“I’m going to the cemetery,” I flatly told my husband. “I need some time alone.”
He looked at me. “Go ahead. Be careful out there. Are you sure you don’t want us to come along?” He knew I hated driving, but I felt compelled to go. He knew I’d be crying.
I needed to do this alone. After work on Friday, I stopped by the grocery store to pick up some marigolds. Flowers were important in Dia de los Muertos; they represented the fragility of life, and the bright colors of orange and yellow attracted spirits and guided them. I found a bunch, along with some mums, and then headed over to the bakery section. Another important part of the tradition was bringing favorite foods of the loved ones to the cemetery as part of an offering to further encourage the spirits to come. I ended up with a package of pastelitos de guayaba and circus peanuts for my father, Kedem Tea Biscuits and a shot of Benedictine for my mom, and some sugar skulls for both of them.
I drove down to Dade City and pulled onto the narrow road in front of the memorial parking near the front of the columbarium. I cut the flowers, opened the packages, poured a shot, and brought them to the white marble sepulcher. My breath caught when I saw the bronze plaque with both their names on it. It had only one name etched on it a few months ago. I placed the marigolds in the flower holder and placed a framed photo of my parents and cousin on top. Beside it I placed the pastry and cookies, ants appearing out of nowhere. The sugar skulls, in bright hues of blue, green, and orange, represented the souls of the departed.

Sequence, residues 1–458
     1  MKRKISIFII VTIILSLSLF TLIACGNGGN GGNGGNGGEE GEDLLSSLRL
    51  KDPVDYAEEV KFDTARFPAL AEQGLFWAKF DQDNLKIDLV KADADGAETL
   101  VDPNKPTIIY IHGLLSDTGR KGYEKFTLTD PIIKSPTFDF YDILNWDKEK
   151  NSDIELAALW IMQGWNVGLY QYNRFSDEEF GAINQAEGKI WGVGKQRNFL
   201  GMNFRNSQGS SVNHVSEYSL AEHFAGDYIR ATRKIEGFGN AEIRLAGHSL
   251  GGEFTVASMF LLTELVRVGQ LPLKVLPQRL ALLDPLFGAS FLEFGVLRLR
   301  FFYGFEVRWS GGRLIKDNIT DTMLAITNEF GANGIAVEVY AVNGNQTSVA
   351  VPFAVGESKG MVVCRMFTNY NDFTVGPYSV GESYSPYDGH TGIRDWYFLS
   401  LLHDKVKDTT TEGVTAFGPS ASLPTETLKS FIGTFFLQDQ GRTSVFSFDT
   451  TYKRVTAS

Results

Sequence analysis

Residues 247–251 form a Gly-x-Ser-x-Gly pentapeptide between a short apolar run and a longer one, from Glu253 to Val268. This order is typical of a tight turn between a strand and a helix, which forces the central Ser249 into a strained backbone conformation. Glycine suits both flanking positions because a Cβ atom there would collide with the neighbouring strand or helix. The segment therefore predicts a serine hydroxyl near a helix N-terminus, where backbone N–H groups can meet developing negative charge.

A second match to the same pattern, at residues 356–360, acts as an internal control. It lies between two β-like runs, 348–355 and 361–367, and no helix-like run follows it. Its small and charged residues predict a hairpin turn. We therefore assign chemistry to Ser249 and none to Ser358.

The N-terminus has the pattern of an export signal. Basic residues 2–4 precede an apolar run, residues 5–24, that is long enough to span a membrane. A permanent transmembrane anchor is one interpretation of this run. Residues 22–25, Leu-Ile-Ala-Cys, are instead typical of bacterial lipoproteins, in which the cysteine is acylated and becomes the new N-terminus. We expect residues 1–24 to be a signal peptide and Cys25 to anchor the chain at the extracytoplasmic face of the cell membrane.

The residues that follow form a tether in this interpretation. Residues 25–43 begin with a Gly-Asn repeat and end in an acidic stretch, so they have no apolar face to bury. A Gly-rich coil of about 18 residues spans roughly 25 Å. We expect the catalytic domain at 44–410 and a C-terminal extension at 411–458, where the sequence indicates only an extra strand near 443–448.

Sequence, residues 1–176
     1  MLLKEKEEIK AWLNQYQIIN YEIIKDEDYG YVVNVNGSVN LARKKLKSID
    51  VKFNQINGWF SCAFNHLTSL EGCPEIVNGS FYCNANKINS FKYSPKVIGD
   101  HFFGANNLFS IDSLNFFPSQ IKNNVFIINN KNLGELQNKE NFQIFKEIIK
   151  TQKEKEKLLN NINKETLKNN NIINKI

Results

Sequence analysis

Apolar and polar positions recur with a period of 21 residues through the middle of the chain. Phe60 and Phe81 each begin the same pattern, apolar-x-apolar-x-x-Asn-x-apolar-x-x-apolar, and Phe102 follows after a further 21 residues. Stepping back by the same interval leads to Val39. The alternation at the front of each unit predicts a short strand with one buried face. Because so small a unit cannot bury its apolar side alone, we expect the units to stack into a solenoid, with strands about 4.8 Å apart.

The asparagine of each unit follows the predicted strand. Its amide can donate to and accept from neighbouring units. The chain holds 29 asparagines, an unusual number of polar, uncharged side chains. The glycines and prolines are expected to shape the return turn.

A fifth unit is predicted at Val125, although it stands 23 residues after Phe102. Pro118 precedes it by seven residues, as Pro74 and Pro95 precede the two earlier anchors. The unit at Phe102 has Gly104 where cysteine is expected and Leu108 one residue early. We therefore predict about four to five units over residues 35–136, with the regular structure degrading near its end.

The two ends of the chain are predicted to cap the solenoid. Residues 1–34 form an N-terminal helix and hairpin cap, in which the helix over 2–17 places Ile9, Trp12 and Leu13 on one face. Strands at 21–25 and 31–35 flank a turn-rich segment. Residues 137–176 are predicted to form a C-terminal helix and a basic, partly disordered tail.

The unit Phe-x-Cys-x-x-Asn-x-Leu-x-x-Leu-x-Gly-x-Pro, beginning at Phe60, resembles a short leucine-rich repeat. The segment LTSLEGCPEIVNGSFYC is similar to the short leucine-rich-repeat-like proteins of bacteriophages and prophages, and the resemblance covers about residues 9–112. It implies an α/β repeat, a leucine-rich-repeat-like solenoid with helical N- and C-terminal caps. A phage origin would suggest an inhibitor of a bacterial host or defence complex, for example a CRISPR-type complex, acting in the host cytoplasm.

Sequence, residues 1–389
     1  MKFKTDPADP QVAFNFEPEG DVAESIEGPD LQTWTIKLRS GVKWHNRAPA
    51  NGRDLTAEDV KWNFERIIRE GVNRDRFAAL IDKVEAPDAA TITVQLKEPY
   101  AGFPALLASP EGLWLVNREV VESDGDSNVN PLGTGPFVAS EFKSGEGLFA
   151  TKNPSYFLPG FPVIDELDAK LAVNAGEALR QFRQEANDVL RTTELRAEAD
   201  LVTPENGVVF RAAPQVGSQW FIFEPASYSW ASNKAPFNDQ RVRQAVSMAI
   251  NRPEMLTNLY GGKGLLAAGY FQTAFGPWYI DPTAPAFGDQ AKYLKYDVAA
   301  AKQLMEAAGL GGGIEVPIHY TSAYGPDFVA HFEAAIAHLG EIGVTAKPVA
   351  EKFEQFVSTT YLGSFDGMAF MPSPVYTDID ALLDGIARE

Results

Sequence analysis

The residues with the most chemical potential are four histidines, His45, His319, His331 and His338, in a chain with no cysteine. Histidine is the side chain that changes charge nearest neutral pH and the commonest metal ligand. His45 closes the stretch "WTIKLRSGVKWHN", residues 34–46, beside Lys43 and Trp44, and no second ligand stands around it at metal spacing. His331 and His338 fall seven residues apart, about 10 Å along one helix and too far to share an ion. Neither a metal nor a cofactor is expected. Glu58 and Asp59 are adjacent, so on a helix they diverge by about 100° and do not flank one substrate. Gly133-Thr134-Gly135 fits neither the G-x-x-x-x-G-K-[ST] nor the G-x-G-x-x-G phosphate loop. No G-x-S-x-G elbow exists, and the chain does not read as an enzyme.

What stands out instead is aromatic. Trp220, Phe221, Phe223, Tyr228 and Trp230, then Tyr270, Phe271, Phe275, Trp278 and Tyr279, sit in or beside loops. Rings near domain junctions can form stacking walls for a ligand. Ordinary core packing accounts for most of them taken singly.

I knew one day they had to die; it’s part of the natural order of things that parents die before their children do. My body felt as if it were being squeezed, finding it harder to breathe. I needed a tissue and headed back to my car. That’s when I heard it.